Q: Can you offer any advice to chromatographers who have never used HILIC before?

A: It is worth mentioning the advantages that HILIC offers for the separation of polar compounds, that is, allowing determinations to be performed that would not be possible using other chromatographic modes. There are also more types of HILIC stationary phases in the market nowadays, which increases analysis possibilities according to the need of each researcher. From my personal experience, I would recommend performing an extensive previous conditioning of the column as well as an exhaustive subsequent washing, even more if ion-pairing reagents or any other mobile phase additives are used. Following this protocol, a more rugged analysis and longer life times for the column are obtained, even when analyzing very complex samples like baby foods. Moreover, coupling with MS spectrometers facilitates the quantification in real samples at trace levels of polar analytes separated by HILIC.

Q: Are you planning to use HILIC in future food analysis work?

A: Based on the good results obtained in this study, and particularly considering the inherent difficulties in the separation of the nucleosides and nucleotides and the complexity of the analyzed samples, we expect HILIC–MS/MS to be our first choice for future studies in our group. We plan to focus on the use of HILIC for the determination of nucleosides and nucleotides in other foodstuffs that contain these compounds endogenously, and also on the extension of our method for the analysis of other micronutrients of interest with similar chemical characteristics.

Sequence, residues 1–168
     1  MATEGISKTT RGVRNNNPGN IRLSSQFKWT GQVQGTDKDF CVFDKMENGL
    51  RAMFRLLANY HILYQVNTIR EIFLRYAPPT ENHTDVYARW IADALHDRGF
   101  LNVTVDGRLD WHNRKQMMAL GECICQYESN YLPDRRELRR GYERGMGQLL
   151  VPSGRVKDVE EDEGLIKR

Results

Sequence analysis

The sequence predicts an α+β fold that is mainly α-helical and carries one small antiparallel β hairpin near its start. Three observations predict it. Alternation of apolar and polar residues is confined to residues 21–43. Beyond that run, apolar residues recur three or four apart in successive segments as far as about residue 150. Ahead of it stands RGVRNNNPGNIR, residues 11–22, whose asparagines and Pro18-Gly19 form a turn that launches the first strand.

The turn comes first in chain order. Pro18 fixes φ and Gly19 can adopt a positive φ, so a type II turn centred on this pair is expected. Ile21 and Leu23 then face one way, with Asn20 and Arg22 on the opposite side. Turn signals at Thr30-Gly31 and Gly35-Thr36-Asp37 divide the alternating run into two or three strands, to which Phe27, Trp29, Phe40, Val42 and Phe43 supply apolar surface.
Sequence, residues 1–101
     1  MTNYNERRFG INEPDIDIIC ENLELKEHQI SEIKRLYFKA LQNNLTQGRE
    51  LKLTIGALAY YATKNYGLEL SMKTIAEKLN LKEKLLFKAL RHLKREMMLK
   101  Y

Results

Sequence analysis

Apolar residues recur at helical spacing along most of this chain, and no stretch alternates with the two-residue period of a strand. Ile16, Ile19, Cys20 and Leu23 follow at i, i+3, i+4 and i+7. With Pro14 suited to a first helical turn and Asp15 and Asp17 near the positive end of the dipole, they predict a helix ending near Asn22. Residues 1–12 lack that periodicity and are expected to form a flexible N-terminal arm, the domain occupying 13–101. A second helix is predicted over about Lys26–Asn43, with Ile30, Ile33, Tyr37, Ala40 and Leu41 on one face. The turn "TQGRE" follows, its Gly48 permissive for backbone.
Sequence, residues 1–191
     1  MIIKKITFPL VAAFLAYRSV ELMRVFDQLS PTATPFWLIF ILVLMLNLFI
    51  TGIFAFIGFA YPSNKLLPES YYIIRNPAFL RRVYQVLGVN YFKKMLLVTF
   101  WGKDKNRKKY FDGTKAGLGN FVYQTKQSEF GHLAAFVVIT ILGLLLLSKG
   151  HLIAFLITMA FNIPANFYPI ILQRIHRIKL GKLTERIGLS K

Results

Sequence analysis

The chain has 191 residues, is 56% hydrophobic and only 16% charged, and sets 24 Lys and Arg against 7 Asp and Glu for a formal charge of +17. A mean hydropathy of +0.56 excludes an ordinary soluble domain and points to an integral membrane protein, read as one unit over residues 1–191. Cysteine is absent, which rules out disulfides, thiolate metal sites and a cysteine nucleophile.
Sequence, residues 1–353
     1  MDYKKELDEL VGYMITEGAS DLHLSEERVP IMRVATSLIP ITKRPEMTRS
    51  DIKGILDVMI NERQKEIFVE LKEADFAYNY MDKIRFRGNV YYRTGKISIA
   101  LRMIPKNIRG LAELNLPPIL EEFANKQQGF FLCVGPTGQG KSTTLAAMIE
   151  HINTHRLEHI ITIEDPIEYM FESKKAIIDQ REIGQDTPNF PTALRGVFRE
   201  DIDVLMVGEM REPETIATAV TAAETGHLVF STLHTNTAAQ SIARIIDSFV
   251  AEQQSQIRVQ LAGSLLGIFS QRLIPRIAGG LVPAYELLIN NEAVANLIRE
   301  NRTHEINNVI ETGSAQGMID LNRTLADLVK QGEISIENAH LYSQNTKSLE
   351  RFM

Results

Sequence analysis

1. María Mateos-Vivas et al., Food Chemistry211, 827–837 (2016).
  2. Encarnación Rodríguez-Gonzalo et al., Electrophoresis35, 1677–1684 (2014).
  3. María Mateos-Vivas et al., Food Chemistry174, 348–355 (2015).
  4. K. Inoue et al., Journal of Agricultural and Food Chemistry58, 9918–9924 (2010).
  5. K. Inoue et al., Journal of AOAC International 95, 603–605 (2012).
  6. B.D. Gill et al., Journal of AOAC International93, 966–973 (2010).
  7. L. Thorell et al., Pediatric Research40, 845–852 (1996).
  8. C.O. Mohan et al., Innovative Food Science and Emerging Technologies10, 272–278 (2009).
  9. W. Verachia et al., Food Chemistry 141, 841–846 (2013).
  10. P. Viñas et al., Food Chemistry57, 7245–7249 (2009).
  11. P. Viñas et al., Journal of Chromatography A1217, 5197–5203 (2010).
  12. K. Inoue et al., Journal of Agricultural and Food Chemistry56, 6863–6867 (2008).

María Mateos-Vivas is a PhD student in the Department of Analytical Chemistry, Nutrition and Food Science at the University of Salamanca, Spain. Her work is focused on the development of modern and innovative analytical methods based on tandem mass spectrometry coupled to high-efficiency separation techniques, such as capillary electrophoresis and liquid chromatography. Another important part of her work is dedicated to the development of methodological innovations in liquid chromatography systems: hydrophilic interaction liquid chromatography and nano‑liquid chromatography.